How to make the most of your tax return
February is a great time for everyone expecting a tax return.
What’s better than a lump sum payment from the government to counteract some of the massive deductions off of your paychecks over the last year?
While you may have been thinking about anything from a shopping spree to a down payment on a new car, I’d like to intervene to suggest some other, more financially sound ideas. Follow at your leisure.
Put it into your savings account
I know this is the most boring thing you could do with your tax return, but sometimes, boring is better. Saving throughout the year can be hard. Especially when you’re making other payments towards your car lease, your rent or mortgage, or your school tuition. Putting in a large sum at one time can help you hit your saving goals as well as remove some of the pressure to save something from your next few paychecks.
It's also good to keep important deadlines in mind, like the March 1 deadline for RRSP contributions.
Fix your car
Winter can do a number on our vehicles. The cost of winter tires, maintenance and oil changes can really add up, and I’m sure there are a few of us who skip suggested or mandatory auto care in the name of saving a few bucks.
But now that it’s tax time, perhaps we should give our cars the love they missed out on in the winter months. Talk to your mechanic about a spring tune up, see how to get the most bang for your buck and do the work that will keep your car going for as long as possible.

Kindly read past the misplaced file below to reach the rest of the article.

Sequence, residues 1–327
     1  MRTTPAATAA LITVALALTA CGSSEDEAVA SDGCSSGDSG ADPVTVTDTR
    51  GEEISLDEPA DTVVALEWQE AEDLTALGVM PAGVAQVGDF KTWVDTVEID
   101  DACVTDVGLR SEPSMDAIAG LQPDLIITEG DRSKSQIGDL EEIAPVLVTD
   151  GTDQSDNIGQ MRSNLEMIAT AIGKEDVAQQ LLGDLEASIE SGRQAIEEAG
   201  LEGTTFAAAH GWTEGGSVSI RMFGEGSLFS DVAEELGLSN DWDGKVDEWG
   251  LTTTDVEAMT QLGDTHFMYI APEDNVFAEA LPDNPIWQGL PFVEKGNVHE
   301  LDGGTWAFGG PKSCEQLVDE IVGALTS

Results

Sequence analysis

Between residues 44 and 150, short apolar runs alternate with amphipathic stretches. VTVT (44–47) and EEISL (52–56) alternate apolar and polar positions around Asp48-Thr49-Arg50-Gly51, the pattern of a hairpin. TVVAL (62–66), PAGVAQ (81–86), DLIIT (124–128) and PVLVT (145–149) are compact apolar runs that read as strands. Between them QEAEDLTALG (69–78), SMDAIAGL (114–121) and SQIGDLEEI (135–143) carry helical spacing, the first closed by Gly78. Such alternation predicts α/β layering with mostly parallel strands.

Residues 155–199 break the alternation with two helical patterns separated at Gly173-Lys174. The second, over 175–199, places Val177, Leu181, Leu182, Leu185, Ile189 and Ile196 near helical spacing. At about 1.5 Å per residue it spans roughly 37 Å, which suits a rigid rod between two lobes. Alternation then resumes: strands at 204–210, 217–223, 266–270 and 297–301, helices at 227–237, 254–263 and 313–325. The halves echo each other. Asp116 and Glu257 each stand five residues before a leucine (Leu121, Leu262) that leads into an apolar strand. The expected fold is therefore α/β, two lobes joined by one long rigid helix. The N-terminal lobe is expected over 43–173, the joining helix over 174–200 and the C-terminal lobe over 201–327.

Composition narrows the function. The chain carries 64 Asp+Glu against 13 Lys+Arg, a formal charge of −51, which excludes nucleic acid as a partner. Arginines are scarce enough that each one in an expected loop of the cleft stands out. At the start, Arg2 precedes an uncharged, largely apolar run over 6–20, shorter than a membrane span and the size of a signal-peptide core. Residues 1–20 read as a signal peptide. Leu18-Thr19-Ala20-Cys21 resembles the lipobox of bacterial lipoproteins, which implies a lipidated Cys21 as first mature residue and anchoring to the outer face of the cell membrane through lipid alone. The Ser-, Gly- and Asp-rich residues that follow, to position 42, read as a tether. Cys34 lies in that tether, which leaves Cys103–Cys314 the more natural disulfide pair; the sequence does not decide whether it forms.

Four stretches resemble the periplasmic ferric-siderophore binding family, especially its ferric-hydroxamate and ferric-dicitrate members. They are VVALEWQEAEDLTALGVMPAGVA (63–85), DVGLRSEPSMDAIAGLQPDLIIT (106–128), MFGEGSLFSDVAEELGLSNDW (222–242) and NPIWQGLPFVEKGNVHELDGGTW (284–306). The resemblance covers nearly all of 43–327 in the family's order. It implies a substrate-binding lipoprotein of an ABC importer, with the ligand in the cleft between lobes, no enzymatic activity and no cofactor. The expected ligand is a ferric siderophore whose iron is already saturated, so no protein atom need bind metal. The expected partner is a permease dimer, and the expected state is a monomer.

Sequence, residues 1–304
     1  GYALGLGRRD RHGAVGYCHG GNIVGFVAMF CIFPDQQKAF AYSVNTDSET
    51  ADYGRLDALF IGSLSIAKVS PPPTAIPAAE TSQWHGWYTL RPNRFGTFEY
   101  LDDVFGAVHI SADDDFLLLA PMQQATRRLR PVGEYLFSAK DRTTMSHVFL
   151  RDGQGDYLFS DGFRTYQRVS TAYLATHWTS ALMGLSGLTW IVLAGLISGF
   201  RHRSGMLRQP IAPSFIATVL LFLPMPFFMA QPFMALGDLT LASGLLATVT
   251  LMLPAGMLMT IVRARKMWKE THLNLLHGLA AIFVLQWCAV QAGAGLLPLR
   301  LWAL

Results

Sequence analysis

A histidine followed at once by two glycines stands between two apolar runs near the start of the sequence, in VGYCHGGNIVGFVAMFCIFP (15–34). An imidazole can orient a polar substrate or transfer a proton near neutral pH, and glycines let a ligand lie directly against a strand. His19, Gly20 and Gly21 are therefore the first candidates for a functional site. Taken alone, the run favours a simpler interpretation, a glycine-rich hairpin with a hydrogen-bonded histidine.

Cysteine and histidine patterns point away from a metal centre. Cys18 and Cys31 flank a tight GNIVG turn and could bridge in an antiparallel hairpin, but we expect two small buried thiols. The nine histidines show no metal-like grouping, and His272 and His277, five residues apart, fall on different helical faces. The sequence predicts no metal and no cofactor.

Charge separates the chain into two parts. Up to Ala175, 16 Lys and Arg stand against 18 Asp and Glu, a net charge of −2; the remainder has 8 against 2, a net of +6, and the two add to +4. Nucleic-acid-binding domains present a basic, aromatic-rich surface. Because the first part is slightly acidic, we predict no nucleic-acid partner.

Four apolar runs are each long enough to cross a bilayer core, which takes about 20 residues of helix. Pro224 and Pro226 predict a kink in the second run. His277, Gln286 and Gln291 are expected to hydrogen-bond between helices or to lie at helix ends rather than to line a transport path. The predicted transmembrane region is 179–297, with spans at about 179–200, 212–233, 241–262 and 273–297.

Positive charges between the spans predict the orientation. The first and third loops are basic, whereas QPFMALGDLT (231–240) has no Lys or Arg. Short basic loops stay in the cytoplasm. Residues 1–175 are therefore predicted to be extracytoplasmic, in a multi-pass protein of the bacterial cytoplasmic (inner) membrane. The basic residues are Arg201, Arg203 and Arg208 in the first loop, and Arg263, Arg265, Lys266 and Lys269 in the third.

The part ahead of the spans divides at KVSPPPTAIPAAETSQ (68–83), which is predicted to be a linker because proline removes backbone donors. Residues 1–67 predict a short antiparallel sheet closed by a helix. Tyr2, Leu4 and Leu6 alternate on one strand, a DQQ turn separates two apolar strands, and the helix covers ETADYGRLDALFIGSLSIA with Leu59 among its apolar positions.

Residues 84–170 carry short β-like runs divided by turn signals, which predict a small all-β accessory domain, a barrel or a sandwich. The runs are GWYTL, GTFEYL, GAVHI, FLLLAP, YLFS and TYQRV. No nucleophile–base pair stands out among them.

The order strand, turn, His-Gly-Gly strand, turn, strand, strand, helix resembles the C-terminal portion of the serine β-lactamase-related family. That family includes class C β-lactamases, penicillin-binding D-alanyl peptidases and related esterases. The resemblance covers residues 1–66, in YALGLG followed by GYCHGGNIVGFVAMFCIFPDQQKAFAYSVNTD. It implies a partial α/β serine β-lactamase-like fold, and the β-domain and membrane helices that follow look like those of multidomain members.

Invest in some self-care
Ideally, this investment would be a new wardrobe, a vacation, you know, things frivolous in nature. Luckily for you, it just might be.
Self-care is very much an investment, especially since studies show that there are major health benefits to self-care, such as a reduction in stress, better heart health and improvements to mental health.
If you’ve been on the grind for the last year and haven’t seen sand since dinosaurs roamed, you might be due for a vacation. BUT…before you book a Turks and Caicos all-inclusive on your credit card, think about how to do it on a budget. Consider skipping an all-inclusive and finding a cheap AirBnB, or visiting that cousin that you haven’t seen in forever to save some money on accommodations.
Believe it or not, vacations don’t have to be expensive. Don’t believe me? Check out my friend The Impatient Tourist. Give her your budget and desired location and she’ll create a custom itinerary for you in exchange for a small donation or social media review.
Invest in yourself
When I started my side hustle, Hinds Media Consulting, I realized how fast the expenses of running a business can add up. For instance, the volume of work that I was doing was quickly outpacing the abilities of my six-year-old computer. Would I need a new one? Eventually. Right now? Absolutely not. So I'm saving towards a new computer.
This is an investment. It's me spending money right now in order to maintain my income and hopefully earn more in the future. The same way that school costs a truckload of money at first, and promises (kind of) that we will get a bigger return on the investment of our tuition after we graduate and find jobs in our respective fields.
Lastly, if none of these options suit you, and if your return permits, do a bit of each. Put a little away for savings, whether this is a couple dollars or a couple hundred, anything counts! If you need a few things done to your car, just do the most important. If you'd like a mani-pedi at your favourite salon, go for it! And if you need some new business cards, make the purchase. Whatever you do, make sure you do with your tax return what's best for you.